Five special police officers came to me and rushed me into a waiting police jeep and it sped towards the famous South Beach where several government officials were executed by a military junta in the 1980s. I had come to this particular area since the famous Barrack Young Controllers had built a mini-football stadium there. The officers did not utter a word as the jeep raced to my destination. I could not see outside as the jeep’s sped windows were all rolled up and locked.
In about three minutes we arrived at the destination and my heart leaped in my mouth, meaning fear of death began to take me captive. Upon arrival, Pastor Weagba was waiting for me, and he rushed to my side, as soon he saw me. However, one of the police officers violently pushed the old man away, and he lost his balance and went down. I screamed but I could do nothing else. Another police officer hurriedly went to the old man’s rescue and later lifted his Holy Bible, after it had fallen, and was open in the middle.
With some difficulty the old man rose, and moved towards me, and grinning, said, “My son, today the Lord shall show you His love.” His voice was cool and reassuring and it sent a smile across my face.
I knew it was too late, but then I realized that with God all things were possible. But questions flooded my mind: What did the old pastor mean? Had he seen some vision about my release? If yes, how could that be? True, it was not for me to doubt what God had revealed to His servant and therefore I kept my posture and followed the instructions of the officer nearest to me.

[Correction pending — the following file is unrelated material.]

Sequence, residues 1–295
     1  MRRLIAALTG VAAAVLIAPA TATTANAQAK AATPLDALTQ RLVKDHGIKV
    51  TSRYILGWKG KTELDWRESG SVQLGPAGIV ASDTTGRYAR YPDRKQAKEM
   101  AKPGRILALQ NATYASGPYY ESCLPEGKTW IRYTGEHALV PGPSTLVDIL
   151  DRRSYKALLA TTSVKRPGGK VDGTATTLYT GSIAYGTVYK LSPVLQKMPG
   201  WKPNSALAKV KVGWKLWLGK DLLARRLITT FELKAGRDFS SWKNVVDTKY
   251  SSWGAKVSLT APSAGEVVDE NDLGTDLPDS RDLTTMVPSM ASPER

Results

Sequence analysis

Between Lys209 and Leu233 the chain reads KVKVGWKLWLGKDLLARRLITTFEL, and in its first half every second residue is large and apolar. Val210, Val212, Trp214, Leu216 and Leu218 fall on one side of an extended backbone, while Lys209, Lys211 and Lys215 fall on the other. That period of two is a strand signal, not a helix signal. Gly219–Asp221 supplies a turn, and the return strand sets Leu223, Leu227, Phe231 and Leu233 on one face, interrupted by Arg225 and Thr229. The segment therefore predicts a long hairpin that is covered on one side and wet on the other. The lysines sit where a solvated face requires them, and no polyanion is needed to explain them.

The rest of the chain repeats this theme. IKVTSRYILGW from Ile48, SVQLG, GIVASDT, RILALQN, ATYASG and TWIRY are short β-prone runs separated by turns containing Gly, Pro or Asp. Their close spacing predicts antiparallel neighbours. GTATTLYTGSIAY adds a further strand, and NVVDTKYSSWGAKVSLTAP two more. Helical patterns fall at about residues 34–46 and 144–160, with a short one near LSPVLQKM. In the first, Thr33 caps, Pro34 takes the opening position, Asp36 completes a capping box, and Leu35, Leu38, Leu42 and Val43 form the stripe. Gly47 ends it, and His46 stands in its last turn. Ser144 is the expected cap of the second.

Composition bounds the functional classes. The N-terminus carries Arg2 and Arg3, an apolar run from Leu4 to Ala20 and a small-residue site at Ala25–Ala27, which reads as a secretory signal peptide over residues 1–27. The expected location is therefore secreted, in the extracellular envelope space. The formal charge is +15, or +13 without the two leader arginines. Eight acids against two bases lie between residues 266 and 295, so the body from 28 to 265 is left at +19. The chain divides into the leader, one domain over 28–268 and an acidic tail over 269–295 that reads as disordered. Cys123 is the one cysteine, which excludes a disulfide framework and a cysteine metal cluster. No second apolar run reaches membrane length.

Of course, there was a large gathering of people that did not want to be left out of the drama and therefore I swept my eyes across the multitude to at least take a glance at my children but it was no avail.
Remembering the old pastor’s reassuring message, I began to sing the song, Lord Give Me A New Day, because yesterday brought me lots of problems. By now the time was up and the chief warder walked me directly under the machine that was supposed to kill me. That moment was tense and I began to lose my grip on any hope of being physically saved. I began to sing the first two stanzas of the hymn ‘How Tedious And Tasteless The Hour Is.’
I sang the first and second stanzas:
How tedious and tasteless the hours
When Jesus I no longer see;
Sweet prospects, sweet birds and sweet flowers,
Have all lost their sweetness to me;
The midsummer sun shines but dim,
The fields strive in vain to look gay.
But when I am happy in Him,
December’s as pleasant as May.
His Name yields the richest perfume,
And sweeter than music His voice;
His presence disperses my gloom,
And makes all within me rejoice.
I should, were He always thus nigh,
Have nothing to wish or to fear;
No mortal as happy as I,
My summer would last all the year.
I waited for the time. My hands were already bound behind me and all the formalities had been concluded but then I saw Pastor Weagba making his way through the officers and coming towards my position. I was confused because he had completed his prayers and had called on the Lord to show His mightiness. My mind was still in such a confused state, when the pastor, smiling reached me with his two hands to embrace me.
“The Lord has done it,” the pastor said, “you are free my son the president has announced your pardon.”